The market is on track to grow to $2bn by 2020. If Algovita can achieve 5% market share, it will ultimately generate ~$100mm of revenue. This seems reasonable if not conservative.
Now back to Algovita quarterly sales.
In Q3 2016, Algovita sales increased 105% quarter-over-quarter to $1.165mm, suggesting that the launch is progressing well. Below I’ve displayed the last four quarters of Algovita revenue:
While the absolute dollars are still relatively small, the launch does appear to be on track.
The leading indicator for Algovita sales is the hiring of sales reps. Importantly, NVTR is on track with its hiring plan.
As of November 9, 2016, Nuvectra has hired and trained 42 sales reps. Its goal for the year is 50 sales reps.
See chart below for sales force ramp:
Why is the sales force ramp important?
Nuvectra’s plan is to hire 50 reps by the end of 2016, 100 reps by the end of 2017 and 225 by the end of 2018. Nuvectra believes that each sales rep can ultimately generate $1mm to $1.5mm in annual sales. That productivity implies $225mm to $320mm in sales once its sales force is fully ramped up. If NVTR is able to achieve these targets it will be a great outcome. For reference, consider Nevro, a fast growing neuromodulation peer of NVTR’s. Analysts expect it to generate revenue of $225mm and $320mm in 2016, and 2017, respectively. The company has a market cap of $2.5bn. NVTR’s current market cap is $60mm. Now I’m not saying the NVTR is the next Nevro, but there would be a lot of upside if NVTR continues to progress with its launch. More on this in my valuation section below.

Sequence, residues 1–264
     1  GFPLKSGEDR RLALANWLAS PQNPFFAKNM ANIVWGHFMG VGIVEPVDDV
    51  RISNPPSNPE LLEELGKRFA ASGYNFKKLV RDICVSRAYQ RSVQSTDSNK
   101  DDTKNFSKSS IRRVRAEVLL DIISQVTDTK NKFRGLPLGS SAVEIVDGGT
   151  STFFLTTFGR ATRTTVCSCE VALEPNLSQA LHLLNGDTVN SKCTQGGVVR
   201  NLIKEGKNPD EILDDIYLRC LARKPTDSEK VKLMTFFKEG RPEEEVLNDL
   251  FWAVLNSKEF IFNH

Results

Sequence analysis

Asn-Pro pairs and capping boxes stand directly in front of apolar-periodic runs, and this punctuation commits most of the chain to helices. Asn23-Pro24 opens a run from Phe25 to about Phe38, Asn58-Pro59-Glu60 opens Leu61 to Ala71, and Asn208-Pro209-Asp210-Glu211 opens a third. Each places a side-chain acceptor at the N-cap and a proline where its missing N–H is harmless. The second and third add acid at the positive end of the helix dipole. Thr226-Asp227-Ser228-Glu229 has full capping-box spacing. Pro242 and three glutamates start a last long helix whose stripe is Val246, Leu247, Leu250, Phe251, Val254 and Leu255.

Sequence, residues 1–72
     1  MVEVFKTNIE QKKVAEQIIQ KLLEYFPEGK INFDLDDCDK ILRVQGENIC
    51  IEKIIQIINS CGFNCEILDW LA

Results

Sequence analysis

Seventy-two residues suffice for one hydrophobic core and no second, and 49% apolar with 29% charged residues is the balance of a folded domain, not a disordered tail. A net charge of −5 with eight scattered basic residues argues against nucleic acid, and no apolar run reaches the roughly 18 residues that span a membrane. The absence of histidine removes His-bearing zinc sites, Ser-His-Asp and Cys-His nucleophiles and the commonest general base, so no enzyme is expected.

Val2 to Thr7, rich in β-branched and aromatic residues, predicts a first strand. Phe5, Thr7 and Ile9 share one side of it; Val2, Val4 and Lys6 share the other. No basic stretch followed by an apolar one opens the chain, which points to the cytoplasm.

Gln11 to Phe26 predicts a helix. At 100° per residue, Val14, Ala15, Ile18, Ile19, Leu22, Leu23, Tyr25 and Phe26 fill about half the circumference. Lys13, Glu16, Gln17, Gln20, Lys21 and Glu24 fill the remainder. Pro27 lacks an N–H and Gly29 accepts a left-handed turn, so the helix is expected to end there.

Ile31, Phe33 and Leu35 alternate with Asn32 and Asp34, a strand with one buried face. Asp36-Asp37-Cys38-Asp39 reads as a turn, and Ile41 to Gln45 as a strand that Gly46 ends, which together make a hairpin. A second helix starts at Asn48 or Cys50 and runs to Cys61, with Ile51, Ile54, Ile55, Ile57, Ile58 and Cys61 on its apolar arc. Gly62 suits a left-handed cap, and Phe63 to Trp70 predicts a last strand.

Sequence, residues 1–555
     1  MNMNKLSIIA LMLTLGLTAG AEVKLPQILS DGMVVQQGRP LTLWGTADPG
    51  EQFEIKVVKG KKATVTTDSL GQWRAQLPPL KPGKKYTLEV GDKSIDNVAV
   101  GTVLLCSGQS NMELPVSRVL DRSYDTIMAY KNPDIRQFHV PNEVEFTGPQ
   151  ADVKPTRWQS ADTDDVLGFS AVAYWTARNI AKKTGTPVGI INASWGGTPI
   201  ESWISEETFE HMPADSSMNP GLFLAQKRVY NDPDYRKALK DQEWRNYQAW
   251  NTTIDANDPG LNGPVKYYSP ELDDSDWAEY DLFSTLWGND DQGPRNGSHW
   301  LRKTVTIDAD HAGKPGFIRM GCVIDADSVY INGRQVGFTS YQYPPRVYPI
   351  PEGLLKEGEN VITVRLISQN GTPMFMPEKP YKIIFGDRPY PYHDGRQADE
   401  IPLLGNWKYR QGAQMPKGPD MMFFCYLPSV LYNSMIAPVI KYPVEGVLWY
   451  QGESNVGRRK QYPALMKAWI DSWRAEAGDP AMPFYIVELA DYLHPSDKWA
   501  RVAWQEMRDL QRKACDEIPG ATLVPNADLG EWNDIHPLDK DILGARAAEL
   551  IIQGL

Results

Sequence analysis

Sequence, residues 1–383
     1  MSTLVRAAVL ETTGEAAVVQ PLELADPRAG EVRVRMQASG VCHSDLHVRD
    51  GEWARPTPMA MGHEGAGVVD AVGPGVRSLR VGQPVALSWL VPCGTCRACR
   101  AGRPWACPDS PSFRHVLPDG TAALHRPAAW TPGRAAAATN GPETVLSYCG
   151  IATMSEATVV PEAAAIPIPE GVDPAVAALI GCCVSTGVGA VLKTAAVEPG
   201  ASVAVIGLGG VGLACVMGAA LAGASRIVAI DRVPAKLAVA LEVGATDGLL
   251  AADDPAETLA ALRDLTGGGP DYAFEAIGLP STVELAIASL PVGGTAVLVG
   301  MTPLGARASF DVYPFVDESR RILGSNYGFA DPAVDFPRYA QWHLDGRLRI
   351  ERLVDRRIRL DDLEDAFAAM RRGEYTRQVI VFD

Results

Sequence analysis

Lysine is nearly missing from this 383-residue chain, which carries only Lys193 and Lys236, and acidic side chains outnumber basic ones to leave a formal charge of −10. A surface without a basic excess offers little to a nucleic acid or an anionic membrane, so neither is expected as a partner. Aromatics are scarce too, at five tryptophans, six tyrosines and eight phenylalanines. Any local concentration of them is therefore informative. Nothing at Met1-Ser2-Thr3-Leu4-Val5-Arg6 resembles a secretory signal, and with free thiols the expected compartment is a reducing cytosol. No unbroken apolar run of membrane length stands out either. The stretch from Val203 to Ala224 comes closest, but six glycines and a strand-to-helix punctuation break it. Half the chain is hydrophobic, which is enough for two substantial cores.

The sales force ramp is also important because sales reps are smart and know the industry a lot better than I do. They would not join a company if they did not believe they could sell the product. During a recent conference, the CEO of Nuvectra described why a sales rep would switch to Nuvectra from another neuromodulation company. The example he gave? Perhaps, that rep’s territory is getting smaller and smaller because his company has hired many sales reps. For that sales rep, it could be a great opportunity to make a lot of money by selling a new product into established relationships that he/she has developed.
Negatives in the Quarter
Were there any negatives in the quarter? Unfortunately, yes, there were.